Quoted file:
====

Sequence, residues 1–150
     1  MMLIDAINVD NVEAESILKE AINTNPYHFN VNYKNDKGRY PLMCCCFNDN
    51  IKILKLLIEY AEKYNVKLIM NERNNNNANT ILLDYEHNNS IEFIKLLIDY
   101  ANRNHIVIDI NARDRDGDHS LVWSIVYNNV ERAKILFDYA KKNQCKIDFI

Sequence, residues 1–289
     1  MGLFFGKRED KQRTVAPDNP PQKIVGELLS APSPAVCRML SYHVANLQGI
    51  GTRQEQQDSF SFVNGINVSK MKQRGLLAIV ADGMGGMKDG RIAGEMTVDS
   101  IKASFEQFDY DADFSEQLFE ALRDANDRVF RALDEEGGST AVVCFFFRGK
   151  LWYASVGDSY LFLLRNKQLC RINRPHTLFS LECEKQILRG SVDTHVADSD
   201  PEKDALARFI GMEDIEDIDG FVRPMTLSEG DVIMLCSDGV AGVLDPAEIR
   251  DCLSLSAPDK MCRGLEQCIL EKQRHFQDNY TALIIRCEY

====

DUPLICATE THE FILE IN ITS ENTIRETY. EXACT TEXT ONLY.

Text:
Sequence, residues 1–150
     1  MMLIDAINVD NVEAESILKE AINTNPYHFN VNYKNDKGRY PLMCCCFNDN
    51  IKILKLLIEY AEKYNVKLIM NERNNNNANT ILLDYEHNNS IEFIKLLIDY
   101  ANRNHIVIDI NARDRDGDHS LVWSIVYNNV ERAKILFDYA KKNQCKIDFI

Sequence, residues 1–289
     1  MGLFFGKRED KQRTVAPDNP PQKIVGELLS APSPAVCRML SYHVANLQGI
    51  GTRQEQQDSF SFVNGINVSK MKQRGLLAIV ADGMGGMKDG RIAGEMTVDS
   101  IKASFEQFDY DADFSEQLFE ALRDANDRVF RALDEEGGST AVVCFFFRGK
   151  LWYASVGDSY LFLLRNKQLC RINRPHTLFS LECEKQILRG SVDTHVADSD
   201  PEKDALARFI GMEDIEDIDG FVRPMTLSEG DVIMLCSDGV AGVLDPAEIR
   251  DCLSLSAPDK MCRGLEQCIL EKQRHFQDNY TALIIRCEY